comparing arrays

I want to ascertain whether two byte arrays of equal size contain the same data. It seems that a simple (array1 == array2) won’t work, although this may be the fault of bugs elsewhere. Assuming this doesn’t work, do I need to loop through and do a byte by byte comparison, or is there a more elegant way?

Cheers,
Dan

It seems that a simple (array1 == array2) won't work,

Nope.

although this may be the fault of bugs

No, that's the way the language is designed. The name of an array is a pointer to the first element in the array. With the expression array1 == array2 You are comparing two addresses, and since they're different arrays this will always be false.

do I need to loop through and do a byte by byte comparison

Yep.

-j

Hi Dan,

I want to ascertain whether two byte arrays of equal size contain the same data. It seems that a simple (array1 == array2) won't work, although this may be the fault of bugs elsewhere. Assuming this doesn't work, do I need to loop through and do a byte by byte comparison, or is there a more elegant way?

Yes, you have to go through all the Elements. If these two arrays here [1,2,3] and [3,2,1] are also equal in you understanding it's even more complex as you have to check every element in the first array for wether it exists in the second array.

That would even require a double loop.... Eberhard

Its not elegant, but you can use the memory compare function, memcmp to check if two arrays of the same size have the same data.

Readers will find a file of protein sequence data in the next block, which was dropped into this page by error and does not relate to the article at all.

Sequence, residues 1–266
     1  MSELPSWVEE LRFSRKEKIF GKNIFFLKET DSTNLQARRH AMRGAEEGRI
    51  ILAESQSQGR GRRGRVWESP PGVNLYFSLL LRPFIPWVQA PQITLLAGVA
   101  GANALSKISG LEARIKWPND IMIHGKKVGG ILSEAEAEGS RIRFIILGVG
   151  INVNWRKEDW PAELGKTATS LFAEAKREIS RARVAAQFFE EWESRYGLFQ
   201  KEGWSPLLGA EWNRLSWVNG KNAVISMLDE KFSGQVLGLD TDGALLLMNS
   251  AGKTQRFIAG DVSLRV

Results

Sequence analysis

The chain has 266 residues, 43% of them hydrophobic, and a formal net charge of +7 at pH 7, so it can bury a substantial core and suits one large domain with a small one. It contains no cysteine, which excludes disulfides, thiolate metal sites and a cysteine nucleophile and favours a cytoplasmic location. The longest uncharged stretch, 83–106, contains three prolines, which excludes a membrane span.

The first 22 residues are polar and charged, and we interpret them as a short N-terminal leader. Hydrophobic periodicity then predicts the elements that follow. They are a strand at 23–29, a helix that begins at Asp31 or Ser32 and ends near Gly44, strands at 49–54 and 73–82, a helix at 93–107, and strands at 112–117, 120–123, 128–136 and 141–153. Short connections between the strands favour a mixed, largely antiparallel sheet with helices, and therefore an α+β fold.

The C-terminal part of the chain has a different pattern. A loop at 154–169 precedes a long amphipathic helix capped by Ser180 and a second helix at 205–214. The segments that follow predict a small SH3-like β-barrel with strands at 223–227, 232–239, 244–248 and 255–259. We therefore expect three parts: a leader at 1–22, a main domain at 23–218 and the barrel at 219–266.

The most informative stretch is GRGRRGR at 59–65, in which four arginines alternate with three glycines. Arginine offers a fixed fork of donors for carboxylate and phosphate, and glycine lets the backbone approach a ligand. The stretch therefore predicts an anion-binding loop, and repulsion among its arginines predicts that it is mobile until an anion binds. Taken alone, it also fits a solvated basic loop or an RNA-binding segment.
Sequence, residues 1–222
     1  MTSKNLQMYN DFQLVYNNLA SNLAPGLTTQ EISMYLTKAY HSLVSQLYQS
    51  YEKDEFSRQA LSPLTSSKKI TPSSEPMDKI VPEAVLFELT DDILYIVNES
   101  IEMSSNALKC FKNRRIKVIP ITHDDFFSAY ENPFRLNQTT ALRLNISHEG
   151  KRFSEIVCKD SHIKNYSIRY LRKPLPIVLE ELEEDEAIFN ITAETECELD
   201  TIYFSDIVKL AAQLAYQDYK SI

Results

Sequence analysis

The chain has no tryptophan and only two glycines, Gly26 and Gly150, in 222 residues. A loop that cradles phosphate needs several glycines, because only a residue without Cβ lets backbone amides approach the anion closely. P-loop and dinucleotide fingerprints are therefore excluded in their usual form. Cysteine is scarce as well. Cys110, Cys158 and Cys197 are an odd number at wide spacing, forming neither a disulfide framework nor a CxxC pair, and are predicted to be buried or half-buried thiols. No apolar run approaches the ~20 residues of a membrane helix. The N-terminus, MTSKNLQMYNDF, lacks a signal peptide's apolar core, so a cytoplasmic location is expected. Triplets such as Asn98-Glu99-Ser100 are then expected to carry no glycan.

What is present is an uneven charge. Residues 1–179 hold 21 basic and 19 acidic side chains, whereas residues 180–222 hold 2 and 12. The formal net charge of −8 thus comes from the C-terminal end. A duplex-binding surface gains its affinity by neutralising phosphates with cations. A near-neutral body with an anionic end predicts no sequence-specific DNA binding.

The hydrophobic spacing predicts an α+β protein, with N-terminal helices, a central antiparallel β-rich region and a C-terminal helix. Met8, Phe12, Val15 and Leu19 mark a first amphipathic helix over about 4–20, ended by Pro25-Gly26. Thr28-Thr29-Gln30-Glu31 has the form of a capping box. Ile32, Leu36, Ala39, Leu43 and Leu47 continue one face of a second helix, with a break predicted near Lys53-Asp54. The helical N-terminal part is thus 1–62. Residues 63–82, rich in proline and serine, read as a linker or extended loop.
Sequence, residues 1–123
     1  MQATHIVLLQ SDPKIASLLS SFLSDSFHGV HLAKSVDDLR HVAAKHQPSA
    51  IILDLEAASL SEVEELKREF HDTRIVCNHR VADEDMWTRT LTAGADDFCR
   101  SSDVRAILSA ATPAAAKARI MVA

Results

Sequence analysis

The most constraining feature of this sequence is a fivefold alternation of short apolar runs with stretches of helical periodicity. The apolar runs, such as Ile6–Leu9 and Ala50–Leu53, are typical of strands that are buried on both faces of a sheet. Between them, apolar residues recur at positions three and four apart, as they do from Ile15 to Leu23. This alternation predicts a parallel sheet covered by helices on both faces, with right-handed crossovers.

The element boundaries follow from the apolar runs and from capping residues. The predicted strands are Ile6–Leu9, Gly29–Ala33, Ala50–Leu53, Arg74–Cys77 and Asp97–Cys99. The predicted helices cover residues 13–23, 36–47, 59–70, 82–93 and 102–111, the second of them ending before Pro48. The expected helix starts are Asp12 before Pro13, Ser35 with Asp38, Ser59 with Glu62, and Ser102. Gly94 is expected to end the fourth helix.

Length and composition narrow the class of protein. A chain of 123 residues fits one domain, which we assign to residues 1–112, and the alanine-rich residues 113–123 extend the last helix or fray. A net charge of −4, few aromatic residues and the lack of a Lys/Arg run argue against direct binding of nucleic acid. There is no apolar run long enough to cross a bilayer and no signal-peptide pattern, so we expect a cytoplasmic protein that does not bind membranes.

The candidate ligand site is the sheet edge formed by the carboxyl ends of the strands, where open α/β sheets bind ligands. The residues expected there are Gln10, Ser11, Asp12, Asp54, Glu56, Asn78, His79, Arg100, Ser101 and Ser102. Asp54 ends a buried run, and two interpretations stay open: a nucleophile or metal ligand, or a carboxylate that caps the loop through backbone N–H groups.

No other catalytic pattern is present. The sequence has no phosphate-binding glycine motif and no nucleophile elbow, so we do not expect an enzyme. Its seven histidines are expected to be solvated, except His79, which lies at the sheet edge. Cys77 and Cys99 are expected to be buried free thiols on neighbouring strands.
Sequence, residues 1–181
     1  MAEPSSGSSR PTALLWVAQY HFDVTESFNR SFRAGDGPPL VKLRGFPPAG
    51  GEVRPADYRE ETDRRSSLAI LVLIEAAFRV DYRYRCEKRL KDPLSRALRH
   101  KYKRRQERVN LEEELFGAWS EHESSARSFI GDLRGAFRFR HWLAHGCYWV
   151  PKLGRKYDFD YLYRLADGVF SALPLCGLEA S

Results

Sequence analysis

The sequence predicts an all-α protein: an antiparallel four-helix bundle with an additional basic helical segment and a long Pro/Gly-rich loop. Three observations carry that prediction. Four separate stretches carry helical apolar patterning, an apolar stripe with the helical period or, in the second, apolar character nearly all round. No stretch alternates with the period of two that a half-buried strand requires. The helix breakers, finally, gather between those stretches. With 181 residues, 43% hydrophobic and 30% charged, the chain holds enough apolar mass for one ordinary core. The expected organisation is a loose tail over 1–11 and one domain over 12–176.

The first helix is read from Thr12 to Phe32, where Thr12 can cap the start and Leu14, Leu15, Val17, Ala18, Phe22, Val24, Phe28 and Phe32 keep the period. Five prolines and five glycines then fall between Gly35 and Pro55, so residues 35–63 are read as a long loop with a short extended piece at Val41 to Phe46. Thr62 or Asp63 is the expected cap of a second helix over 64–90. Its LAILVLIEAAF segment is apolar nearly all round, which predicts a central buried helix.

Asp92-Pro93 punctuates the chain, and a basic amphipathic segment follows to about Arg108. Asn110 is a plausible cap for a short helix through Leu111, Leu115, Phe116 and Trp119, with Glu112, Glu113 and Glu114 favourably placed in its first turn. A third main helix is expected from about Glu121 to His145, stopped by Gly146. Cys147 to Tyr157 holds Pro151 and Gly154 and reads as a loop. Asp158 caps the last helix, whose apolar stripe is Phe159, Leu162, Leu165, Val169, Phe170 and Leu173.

If array1 and array2 are the names of the arrays and the size in bytes is ARRAY_SIZE then:

if( memcmp(array1, array2,ARRAY_SIZE) == 0) Serial.println(“the array contents are the same”);

Which method uses less resources?

Cheers,
Dan

Dan, I would think there would be little difference because the memcmp library function would use similar machine code to what the compiler would produce if you wrote an efficient loop comparing elements. If you want to see exactly how much program space and RAM the two techniques use, you could try each in sketch and look at the program memory usage. You can find the RAM usage using a function documented here: http://www.arduino.cc/playground/Code/AvailableMemory

memcmp is the loop testing all elements of the arrays encapsulated in a function call.

That's cool. I am not running tight against memory constraints at the moment, so if they're probably pretty similar then I may as well just stick with my loop. I might have a bit of an experiment out of curiosity, though; if I do I shall report back!

Thanks for your advice, Dan